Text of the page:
When Jennifer’s Body first released, there was much chatter about the lesbian kiss that Jennifer and Needy share. Was it meant to titillate hetero dude movie goers or was there something subversive about it? While I bet they hoped to get more tickets sold, the lesbian kiss doesn’t come out of thin air either. The main text tells us that Needy and Jennifer are heterosexual and just best buds, but there’s a subtle thread throughout the film that questions this. In one of the first scenes of the movie, as Needy watches Jennifer perform a flag routine, their classmate Chastity accuses Needy of being “totally lesbi-gay.” Needy responds with a face of confusion, but this won’t be the first time Needy’s sexuality is questioned. Later, Jennifer tells Needy that they can’t look like “gaylords.” In other words, being a lesbian in this town or school is will make you an outcast. Needy isn’t cool or beautiful, but she does come across as typical–she’s confident, smart and has a nice boyfriend. Our young ingenue is a “good girl.” So, what if the social anxiety of the movie is the good girl realizing that she rather fuck her best friend instead?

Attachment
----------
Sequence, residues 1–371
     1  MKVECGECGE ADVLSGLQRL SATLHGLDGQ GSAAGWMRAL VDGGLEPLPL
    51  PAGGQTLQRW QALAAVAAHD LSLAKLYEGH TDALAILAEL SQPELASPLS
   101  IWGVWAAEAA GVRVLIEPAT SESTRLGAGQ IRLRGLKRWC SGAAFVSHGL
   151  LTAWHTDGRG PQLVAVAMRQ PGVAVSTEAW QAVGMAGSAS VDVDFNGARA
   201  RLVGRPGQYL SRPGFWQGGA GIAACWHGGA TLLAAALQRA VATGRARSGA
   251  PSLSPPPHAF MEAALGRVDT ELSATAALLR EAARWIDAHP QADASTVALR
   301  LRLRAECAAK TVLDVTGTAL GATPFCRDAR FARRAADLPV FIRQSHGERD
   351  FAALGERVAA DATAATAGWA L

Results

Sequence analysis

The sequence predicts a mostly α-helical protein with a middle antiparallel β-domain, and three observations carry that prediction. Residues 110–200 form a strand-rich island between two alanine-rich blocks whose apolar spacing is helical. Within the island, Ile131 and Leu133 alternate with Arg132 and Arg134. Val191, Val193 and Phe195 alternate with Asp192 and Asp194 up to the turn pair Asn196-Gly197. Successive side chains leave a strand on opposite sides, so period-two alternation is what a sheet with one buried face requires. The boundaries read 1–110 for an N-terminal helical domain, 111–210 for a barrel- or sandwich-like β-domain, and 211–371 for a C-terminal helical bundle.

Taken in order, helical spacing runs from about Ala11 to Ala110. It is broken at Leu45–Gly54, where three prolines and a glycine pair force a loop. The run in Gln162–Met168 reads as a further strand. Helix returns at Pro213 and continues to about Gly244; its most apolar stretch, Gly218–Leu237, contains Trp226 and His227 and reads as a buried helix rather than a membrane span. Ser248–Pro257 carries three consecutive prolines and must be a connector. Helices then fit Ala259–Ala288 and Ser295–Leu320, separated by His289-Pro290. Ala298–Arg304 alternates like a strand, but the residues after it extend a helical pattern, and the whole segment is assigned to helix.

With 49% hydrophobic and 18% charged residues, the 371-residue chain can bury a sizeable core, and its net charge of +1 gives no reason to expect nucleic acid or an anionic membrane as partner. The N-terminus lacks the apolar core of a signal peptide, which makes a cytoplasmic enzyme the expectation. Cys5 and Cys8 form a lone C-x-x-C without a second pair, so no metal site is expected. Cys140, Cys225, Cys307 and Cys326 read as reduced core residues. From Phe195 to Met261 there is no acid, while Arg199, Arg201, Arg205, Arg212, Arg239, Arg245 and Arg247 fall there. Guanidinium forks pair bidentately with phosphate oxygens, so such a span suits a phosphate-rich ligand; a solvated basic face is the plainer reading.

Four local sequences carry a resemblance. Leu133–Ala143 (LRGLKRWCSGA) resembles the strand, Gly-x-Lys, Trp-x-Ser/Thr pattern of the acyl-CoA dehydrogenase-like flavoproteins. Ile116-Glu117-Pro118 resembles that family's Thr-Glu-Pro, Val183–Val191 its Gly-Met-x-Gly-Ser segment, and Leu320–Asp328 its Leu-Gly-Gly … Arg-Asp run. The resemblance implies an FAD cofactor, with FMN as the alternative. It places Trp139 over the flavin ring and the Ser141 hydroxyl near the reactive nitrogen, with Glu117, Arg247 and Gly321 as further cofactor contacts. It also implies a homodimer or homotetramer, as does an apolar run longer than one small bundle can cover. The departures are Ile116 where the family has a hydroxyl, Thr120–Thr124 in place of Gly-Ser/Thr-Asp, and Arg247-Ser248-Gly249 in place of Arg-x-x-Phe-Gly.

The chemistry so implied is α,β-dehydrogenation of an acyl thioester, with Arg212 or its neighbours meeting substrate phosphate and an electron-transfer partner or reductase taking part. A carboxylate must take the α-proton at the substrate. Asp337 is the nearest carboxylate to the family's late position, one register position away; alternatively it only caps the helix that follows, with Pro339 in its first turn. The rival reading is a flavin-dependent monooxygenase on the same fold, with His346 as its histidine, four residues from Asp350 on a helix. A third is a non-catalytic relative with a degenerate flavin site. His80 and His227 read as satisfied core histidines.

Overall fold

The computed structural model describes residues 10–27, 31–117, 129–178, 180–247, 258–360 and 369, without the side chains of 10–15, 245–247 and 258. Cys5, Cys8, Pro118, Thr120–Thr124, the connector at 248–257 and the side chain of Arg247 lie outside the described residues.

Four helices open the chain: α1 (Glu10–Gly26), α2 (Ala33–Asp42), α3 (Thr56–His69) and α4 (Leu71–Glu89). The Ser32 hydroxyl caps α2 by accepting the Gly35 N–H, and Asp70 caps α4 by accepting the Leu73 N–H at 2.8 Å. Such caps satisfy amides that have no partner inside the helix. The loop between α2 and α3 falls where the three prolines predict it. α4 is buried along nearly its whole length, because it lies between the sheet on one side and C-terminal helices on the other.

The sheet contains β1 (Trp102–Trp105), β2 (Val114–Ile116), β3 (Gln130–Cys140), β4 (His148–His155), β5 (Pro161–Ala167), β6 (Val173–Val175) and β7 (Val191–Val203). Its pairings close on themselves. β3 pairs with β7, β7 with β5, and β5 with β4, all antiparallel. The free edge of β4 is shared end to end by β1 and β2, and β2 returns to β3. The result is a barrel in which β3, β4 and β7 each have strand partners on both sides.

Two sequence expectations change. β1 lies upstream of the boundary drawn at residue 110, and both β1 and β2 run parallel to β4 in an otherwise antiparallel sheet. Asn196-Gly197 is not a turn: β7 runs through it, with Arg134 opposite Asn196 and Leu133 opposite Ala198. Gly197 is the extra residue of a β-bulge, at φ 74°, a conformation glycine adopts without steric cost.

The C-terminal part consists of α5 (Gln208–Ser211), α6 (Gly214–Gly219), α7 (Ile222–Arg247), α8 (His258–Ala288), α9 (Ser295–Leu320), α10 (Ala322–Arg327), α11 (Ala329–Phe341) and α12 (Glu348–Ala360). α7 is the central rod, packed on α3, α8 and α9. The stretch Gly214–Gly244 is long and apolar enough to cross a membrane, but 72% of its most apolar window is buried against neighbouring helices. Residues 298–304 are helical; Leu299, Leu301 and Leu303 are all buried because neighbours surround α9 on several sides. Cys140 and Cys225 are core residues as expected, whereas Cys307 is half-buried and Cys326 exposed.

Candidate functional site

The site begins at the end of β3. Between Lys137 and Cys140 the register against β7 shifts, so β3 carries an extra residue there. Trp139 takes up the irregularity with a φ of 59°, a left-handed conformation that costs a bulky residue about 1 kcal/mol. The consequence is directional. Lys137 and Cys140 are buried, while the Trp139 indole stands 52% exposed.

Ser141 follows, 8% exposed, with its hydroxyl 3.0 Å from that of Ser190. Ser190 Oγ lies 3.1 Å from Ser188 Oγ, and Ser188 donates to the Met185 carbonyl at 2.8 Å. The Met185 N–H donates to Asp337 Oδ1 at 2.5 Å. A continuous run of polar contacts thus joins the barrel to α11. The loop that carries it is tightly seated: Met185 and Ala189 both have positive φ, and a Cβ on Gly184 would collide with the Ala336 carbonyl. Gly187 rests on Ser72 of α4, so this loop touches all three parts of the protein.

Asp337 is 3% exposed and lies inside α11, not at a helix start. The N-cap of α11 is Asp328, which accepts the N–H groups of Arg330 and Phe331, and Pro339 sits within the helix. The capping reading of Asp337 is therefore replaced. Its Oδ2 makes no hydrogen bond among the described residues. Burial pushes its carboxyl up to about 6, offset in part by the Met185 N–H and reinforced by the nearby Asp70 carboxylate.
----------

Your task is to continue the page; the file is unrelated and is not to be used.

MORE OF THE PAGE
I definitely think this subtext succeeds in complicating a movie that the audience might expect to be completely heteronormative.

And speaking about heteronormative….

3. The Kinky Needy Subtext